Talk about a wild ride!
Imagine, if you will, being a 13-year-old boy who has recently moved to Hollywood, South Florida, after a life of hard work in rural Virginia. Eventually, getting caught up with marijuana and partying, you fully embrace the lifestyle of the 1960s and '70s with your fellow hippie friends. Perhaps your father is less than thrilled at your new lifestyle choices, but you eventually begin selling weed to pay for your extravagant taste. Again your father expresses concerns over your life choices as he sends you to work in construction. Little did you know that this would be a blessing disguised as your co-workers becoming your core customer base, allowing you to buy a boat and quickly begin smuggling drugs. This was the childhood of racing's toughest rookie Randy Lanier, who eventually became America's most prolific drug smuggler and racing car driver. So how did this scrappy young teenager become such an icon in racing and organized crime?
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In 1978, Mr. Lanier began his foray into racing in a beaten-up old 1957 Porsche 356 Speedster which he bought with the money he had earned from drug smuggling. Just a short time before the start of his career, he had purchased a boat with his money and began trafficking marijuana at the request of a close friend. Randy didn't see much wrong with it at the time, as weed was less criminalized than even today, which is really saying something. However, it became clear that Lanier had a knack for racing as he barreled past other drivers faster than most would ever dare travel. Racing is a sport meant only for the most daring individuals, so Randy excelled at it. Eventually, Lanier found the darker side of drug dealing when he was confronted by a burglar in his home, which led him to call off his criminal ventures.
This new life of honest work didn't last long as he quickly realized that he had become addicted to racing and soon started up his old business to pay for his newfound passion. Randy won race after race, beating teams like Ford and Porsche, with the latter holding a particular disdain toward his brutish American ways. Eventually, Ford approached Randy and asked him to leave his current team, Blue Thunder Racing, named after a Government anti-drug task force, and join them at the Ford Racing team. While the offer was tempting, Lanier eventually turned them down to keep his friends by his side. Little did he know this would be the play that would seal his fate forever.
Likely from a particular disgruntled racing team bitter over Lanier's decision to stick with his team, the FBI received a tip-off of Randy's less-than-legal operations. This put Randy in a sticky position as he was soon put under investigation. One drug smuggling deal entailed smuggling 83 tons, or 166,000 lbs, of marijuana which would have been the most significant load. After the deal was complete, Randy thought about retirement as the shipment would have been worth around $55million. However, due to a leak in the area of the ship responsible for holding the weed, the pot began to break down, causing the hull to fill with methane gas. When the team retrieved the substance, the heat from the tools they used to cut through the metal ignited the gas, setting the boat on fire. Randy's last haul of weed resulted in the authorities cracking down even harder on the drug smuggling enterprise.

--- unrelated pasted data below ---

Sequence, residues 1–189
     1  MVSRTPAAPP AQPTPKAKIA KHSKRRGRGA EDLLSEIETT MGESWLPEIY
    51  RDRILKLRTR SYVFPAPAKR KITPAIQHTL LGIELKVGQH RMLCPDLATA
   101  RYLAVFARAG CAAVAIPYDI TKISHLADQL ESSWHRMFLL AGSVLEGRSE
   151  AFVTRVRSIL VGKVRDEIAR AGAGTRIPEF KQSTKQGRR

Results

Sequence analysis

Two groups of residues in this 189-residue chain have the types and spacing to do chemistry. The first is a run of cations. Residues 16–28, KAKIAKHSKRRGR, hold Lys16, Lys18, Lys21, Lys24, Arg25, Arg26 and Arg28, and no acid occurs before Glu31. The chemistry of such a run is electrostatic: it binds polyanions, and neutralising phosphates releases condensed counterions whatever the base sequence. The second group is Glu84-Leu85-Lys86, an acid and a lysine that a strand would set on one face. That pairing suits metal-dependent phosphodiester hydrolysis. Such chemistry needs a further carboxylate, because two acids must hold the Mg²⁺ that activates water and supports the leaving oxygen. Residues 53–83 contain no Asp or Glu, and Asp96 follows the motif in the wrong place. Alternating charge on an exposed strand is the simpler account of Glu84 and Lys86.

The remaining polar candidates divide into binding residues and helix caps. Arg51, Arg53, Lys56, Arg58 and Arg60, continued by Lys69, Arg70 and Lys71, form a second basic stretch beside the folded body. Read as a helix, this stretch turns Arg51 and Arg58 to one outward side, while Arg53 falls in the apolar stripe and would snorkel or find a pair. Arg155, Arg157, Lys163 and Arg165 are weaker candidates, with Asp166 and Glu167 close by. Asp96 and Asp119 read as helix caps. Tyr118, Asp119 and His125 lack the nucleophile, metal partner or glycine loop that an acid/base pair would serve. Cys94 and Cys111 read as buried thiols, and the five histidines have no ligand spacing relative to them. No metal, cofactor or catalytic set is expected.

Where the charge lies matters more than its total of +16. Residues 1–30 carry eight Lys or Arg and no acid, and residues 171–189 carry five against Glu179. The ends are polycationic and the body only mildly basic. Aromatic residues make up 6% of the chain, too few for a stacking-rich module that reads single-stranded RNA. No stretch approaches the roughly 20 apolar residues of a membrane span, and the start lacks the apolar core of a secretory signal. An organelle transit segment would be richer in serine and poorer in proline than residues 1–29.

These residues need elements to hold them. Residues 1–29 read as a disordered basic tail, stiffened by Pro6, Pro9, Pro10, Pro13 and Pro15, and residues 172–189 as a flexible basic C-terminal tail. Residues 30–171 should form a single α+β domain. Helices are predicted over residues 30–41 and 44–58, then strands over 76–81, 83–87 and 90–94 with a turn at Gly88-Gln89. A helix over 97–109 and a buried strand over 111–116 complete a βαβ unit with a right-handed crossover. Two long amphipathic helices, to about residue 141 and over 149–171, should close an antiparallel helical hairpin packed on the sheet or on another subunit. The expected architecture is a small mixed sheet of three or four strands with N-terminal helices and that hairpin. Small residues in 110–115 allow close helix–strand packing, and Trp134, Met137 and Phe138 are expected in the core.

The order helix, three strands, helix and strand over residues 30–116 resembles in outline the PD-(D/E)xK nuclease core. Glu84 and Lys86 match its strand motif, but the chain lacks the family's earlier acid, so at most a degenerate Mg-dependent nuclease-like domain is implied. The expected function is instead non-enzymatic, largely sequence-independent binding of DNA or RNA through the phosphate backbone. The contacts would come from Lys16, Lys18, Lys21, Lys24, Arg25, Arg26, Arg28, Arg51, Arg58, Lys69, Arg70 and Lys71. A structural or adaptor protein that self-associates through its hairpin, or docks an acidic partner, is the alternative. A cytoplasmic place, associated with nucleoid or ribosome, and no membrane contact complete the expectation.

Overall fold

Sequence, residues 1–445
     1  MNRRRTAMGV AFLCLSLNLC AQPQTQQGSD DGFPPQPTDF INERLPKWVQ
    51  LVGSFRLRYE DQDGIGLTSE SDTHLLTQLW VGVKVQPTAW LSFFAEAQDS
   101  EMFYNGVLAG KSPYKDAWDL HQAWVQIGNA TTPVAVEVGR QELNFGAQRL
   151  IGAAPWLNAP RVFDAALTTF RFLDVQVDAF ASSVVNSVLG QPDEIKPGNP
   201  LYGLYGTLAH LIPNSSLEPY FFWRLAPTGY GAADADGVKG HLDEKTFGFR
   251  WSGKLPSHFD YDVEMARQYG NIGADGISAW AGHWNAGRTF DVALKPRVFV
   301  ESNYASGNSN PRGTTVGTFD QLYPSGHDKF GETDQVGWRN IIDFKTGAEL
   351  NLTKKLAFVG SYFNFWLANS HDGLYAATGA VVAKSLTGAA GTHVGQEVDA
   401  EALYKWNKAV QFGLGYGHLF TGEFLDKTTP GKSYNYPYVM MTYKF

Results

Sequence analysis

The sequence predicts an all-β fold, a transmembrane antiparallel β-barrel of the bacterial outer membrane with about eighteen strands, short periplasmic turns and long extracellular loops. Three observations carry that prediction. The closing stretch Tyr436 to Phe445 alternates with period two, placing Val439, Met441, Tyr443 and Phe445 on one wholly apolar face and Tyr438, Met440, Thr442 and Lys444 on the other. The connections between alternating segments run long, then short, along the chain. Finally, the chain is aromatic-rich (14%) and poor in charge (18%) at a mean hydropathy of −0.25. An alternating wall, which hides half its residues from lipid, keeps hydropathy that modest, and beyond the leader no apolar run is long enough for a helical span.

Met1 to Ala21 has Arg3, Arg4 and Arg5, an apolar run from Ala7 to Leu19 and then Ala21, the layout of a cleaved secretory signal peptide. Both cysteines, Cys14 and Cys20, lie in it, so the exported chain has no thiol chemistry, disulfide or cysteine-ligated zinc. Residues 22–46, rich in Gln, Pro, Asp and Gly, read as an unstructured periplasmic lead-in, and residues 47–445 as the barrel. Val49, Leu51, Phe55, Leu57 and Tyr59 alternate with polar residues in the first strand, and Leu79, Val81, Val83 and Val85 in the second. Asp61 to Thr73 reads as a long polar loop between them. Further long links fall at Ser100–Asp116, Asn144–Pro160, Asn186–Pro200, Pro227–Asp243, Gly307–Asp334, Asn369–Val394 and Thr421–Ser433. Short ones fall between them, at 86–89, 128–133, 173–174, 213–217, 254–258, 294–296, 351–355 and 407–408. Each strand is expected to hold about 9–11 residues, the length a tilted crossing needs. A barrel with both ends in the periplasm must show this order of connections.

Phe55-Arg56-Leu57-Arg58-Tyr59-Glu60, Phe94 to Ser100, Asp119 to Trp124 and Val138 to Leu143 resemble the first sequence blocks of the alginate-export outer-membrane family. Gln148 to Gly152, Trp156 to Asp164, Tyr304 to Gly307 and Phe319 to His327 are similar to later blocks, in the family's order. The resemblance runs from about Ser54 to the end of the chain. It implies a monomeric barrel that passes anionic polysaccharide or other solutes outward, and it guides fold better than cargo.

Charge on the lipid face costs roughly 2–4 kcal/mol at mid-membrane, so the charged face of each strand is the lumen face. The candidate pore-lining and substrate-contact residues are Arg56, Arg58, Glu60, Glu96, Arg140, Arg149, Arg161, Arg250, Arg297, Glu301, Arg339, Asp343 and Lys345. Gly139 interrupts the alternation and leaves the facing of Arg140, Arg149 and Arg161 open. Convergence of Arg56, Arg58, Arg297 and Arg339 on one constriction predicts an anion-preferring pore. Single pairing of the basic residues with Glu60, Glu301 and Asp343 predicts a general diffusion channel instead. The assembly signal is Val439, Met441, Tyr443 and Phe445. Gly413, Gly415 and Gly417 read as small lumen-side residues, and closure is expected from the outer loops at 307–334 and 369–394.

Due to a policy set in place by the administration at the time, drug crime had become heavily policed. Randy was apprehensive about one law that essentially gave domestic organized crime syndicate leaders a life sentence if caught. Eventually, after rounding up a few persons associated with Randy, the FBI came down like a sack of bricks on him and his crew, dishing out an extreme case against him. This even extended to involve Charles Podesta, who claimed to be his best friend, who would later testify against everyone involved to declare less strict sentencing. As a result, Randy received a life sentence without the possibility of parole.
However, Hope was not all lost for the racing legend, as he served just 27 years before being released by order of Presidential pardon in 2014. Along with some of his associates, Randy becomes a free man and plans to marry his former wife, Pam. Charles only served seven of his twelve-year prison sentence, which rightfully angered some of his former partners though Randy claims that all is forgiven on his end. Nowadays, Lanier is the face of a medical marijuana company, which is the best ending this story could have. Determined to get back onto the track, Lanier regularly teaches the ins and outs of racing while trying to keep up with his old skills. We may one day see the 68-year-old back on the track soon as he keeps in great shape through his Yoga and artistic expression.